Addressing the Needs of a More Connected Customer

Contact centers must adapt to changing times by integrating open cloud platforms and agile solutions to support today’s connected customer.

Anthony Bartolo

August 9, 2021

5 Min Read
Addressing the Needs of a More Connected Customer
(Source: Pixabay)

We can see the light at the end of the tunnel, and it has us all reflecting on what the post-Covid future may bring. This is certainly true for contact centers and anyone tasked with meeting customer needs in the coming months and years.

The contact center took center stage when the pandemic hit, with call volumes spiking over 800% from normal levels, according to research from Pindrop. Unprecedented volumes of customers suddenly needed to defer payments, access government services, cancel travel plans, and check on shopping orders—all while agents (and most everyone else) went under stay-at-home orders. Without question, the pandemic fueled the need for customer service organizations to adapt and change at a breakneck pace. But the customer experience evolution was already in progress long before the first lockdown. 

Over the past 20 years, we’ve seen the traditional voice-only call center become the contact center—expanding engagement across multiple communication channels, including messaging, apps, text, email, social media, and web. Technology advanced to provide an omnichannel experience that allowed customers to easily shift between channels throughout their journeys. Then the pandemic hit.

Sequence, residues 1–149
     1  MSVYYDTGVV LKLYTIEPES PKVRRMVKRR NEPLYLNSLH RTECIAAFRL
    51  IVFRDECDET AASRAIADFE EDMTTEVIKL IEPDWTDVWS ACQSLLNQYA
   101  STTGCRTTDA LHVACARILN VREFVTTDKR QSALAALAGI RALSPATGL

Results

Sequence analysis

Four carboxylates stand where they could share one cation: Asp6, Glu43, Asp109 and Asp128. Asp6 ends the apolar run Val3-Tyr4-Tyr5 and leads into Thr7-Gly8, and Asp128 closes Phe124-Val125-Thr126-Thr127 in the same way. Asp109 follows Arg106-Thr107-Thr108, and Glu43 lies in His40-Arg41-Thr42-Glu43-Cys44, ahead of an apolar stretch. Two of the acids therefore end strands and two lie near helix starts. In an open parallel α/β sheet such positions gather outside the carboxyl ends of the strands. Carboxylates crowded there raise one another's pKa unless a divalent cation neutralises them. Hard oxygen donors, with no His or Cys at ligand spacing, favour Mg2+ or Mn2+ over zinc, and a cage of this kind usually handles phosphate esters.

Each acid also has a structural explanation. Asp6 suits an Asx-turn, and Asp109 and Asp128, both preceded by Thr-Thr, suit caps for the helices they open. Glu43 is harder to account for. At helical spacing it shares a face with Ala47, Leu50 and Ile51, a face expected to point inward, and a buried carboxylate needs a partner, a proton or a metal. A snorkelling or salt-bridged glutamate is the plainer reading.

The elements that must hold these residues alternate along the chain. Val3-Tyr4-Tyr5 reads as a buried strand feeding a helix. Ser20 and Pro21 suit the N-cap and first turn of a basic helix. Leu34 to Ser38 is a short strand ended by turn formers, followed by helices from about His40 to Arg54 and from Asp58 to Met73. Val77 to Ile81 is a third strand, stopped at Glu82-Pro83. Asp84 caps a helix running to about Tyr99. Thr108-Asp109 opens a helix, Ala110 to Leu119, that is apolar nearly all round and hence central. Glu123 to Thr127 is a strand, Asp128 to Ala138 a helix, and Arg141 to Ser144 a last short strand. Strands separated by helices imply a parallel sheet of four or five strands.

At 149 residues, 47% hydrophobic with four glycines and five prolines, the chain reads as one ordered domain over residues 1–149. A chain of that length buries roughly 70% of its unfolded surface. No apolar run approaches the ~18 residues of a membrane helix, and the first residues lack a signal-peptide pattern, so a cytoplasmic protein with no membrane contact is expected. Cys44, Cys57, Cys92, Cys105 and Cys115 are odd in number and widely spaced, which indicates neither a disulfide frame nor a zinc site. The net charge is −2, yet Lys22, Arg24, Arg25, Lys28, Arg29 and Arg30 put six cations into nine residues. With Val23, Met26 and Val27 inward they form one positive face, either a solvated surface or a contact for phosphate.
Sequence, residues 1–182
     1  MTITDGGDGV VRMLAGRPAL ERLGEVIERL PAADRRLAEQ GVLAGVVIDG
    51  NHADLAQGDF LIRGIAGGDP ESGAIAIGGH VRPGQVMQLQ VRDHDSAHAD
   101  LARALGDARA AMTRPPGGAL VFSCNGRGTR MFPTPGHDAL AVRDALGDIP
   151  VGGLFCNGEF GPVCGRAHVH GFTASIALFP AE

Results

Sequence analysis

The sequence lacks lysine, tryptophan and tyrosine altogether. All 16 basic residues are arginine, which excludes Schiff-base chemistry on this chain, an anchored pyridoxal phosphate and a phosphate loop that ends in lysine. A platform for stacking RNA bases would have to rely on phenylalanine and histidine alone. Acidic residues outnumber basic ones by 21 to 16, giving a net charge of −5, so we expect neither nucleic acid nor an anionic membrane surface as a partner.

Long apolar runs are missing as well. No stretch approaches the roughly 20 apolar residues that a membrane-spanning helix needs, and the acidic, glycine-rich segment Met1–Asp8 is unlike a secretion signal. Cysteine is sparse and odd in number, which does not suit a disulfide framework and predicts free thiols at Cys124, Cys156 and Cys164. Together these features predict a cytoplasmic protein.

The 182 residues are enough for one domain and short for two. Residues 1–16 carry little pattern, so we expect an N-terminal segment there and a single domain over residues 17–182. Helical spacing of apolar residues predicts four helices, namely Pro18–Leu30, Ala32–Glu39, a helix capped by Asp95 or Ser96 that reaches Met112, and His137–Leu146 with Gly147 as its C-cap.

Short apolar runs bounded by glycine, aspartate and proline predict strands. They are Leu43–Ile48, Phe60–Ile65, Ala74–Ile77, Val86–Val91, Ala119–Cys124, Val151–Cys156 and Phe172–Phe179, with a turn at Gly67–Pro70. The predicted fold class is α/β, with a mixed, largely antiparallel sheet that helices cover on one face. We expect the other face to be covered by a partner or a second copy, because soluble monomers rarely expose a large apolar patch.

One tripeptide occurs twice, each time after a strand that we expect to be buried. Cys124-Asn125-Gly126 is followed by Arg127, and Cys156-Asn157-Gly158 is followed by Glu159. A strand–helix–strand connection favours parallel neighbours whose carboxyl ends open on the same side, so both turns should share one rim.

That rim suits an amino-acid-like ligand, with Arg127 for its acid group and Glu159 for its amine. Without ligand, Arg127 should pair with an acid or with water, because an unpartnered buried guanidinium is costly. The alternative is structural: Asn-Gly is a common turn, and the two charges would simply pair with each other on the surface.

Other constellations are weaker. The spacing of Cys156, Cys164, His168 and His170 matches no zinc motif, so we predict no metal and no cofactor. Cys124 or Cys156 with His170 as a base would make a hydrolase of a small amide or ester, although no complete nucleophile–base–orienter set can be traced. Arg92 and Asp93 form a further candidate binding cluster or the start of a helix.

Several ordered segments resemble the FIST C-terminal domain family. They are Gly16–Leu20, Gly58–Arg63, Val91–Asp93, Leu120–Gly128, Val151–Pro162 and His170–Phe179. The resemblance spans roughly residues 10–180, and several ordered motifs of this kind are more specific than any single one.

Just as anxious customers tried to get critical assistance, organizations worked feverishly to stand up support for staff in the work-from-home environment. Weaknesses were definitely revealed, shining a light on the need for faster, more efficient service, deeper, more personal, and empathetic connections, and greater agility to adapt to unexpected crises and opportunities. 

Contact centers now must not only address these weaknesses; they also need to be agile and scalable while continuously improving the customer experience. This requires new capabilities that are shaping the future of customer support.

Bridging front and back offices